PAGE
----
Con artist, chameleon, musician, writer and journalist. Those are some nifty identities to wear on your utility belt. All play off of themselves and all enable Michael Hall to gain access to what he wants out of life and to the lives’ of the subjects he covers.
As a senior editor for Texas Monthly, Hall has had the occasion to write about issues covering the spectrum, from death penalty cases to Lance Armstrong’s performance enhancing ways, even his mother’s endeavors into the professional ranks of quilt making. And his writing makes an impression. He won the Texas Gavel Award in 2003 for his story, Death Isn’t Fair, regarding capital punishment, and was nominated for a National Magazine Award.
Hall is disarming in appearance and nature. Of medium height and moderate weight, he has this cooked down Texas look. With a day of stubble on his sunned face, modest soul patch and southwestern styled shirt, Hall has been broken-in nicely, like your favorite leather satchel. But it’s the hair and glasses that complete the look. The mess of tangled reddish curls mix fabulously with the thick black plastic frame glasses he sports. Take a piece of Buddy Holly, a pinch of Elvis Costello and add a dose of Lou Reed and perhaps you can snatch a visual image of Hall’s appearance.
He’s not originally from Texas. His father was in the Army so they moved about, which exposed him to travel, different people and varying cultures. Combining that with his cool demeanor and road sensibilities from being a touring musician, Hall has an easy worldliness that makes people want to talk to him.
“Yes I’m a liberal soft-handed guy from Austin, absolutely,” says Hall. “But I go in there and I make it a point and I tell the writers the same thing…go into these little towns and start a conversation. They are populated by crazy Republican rednecks but they are humans and you go and start a conversation with them and they are always friendly.”
Texas is a great place to practice this art due to the numerous subcultures, but also because in reality the Lone Star state is about like visiting a foreign country, if not several foreign countries mashed into one gigantic state.
Hall’s not by any stretch the only guy around who writes and plays a guitar in Austin. They pretty much issue you an acoustic guitar upon entering the city limits, but Hall brings insightfulness to his lyric writing and journalism that is a brand apart due to his life experience.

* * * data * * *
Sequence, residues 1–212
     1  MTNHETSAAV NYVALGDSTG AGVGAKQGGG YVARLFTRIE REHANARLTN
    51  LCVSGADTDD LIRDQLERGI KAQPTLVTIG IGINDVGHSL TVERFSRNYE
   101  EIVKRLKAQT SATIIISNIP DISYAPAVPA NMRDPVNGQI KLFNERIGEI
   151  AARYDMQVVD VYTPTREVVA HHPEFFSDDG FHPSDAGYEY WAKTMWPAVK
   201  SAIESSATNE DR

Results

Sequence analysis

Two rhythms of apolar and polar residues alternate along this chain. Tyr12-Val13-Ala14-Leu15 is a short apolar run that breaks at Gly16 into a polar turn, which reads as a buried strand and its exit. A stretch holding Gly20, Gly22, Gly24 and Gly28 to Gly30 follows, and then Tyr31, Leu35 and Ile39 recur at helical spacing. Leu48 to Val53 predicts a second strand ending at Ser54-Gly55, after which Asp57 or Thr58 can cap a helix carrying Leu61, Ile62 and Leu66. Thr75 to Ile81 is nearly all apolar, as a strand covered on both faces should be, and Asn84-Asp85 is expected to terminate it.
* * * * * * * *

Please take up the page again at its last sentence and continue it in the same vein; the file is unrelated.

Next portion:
Steaming into middle age has not slowed him at all. Hall has a current band, “The Savage Trip,” which is mostly acoustic because he claims they are old guys and he’s tired of dealing with drummers and bass players. He also gigs with his superstar on again off again band The Setters featuring Hall, Walter Salas-Humara and Alejandro Escovedo.
It was his band the Wild Seeds that put him on the musical map. Here his songwriting drew notice and highlighted Hall’s ability to craft offbeat depictions of the common man and his plight against the greater forces that exist in the world.
There’s an ironic and self-deprecating sense of humor at work here. Hall and his band The Woodpeckers once hosted a “Gloriathon” at the Liberty Lunch in Austin. They played the song “Gloria” for 24-hours with the assistance of numerous local musicians and even had Van Morrison phone in a lead vocal from England.
Hall rode the rock ‘n’ roll life seriously for a solid decade and then found he needed something else – a job.
“I saw the world and wrote some good songs and all,” says Hall, “and then all of a sudden I’m 39-years old and it was obvious that I was not Thom Yorke and so I needed to get a career.”
He had written before for his college newspaper at the University of Texas and for the Austin American-Statesman, among others, so writing was not new to him. Hall set about it the same way he did writing his lyrics, by picking up rocks and looking in the nooks and crannies for the darker subjects less seen.
A career in music might have been nice but the benefits tend to suck. Overall Hall is at ease with his life, no bitterness from what might have been – he’s on to new challenges.
Currently he’s working on a huge cover story for Texas Monthly detailing a living history of Willie Nelson, which puts Hall right back in his wheelhouse, talking to people and getting them to tell stories.
Like Hall’s back story to his tune, Let’s Get Some Drugs and Drive Around, much of his life is about taking risks, about saying no to mainstream culture, about finding your own way to do something dangerous and out of that finding something real, even if the act itself was unbelievably stupid.
So let’s “gas up the car, and get some beer too, how about a six pack for me and a 12 pack for you – let’s get some drugs and drive around…”
You know that doesn’t sound like such a bad idea. I’ll bet taking that ride with Mike Hall would be a whole bunch of fun.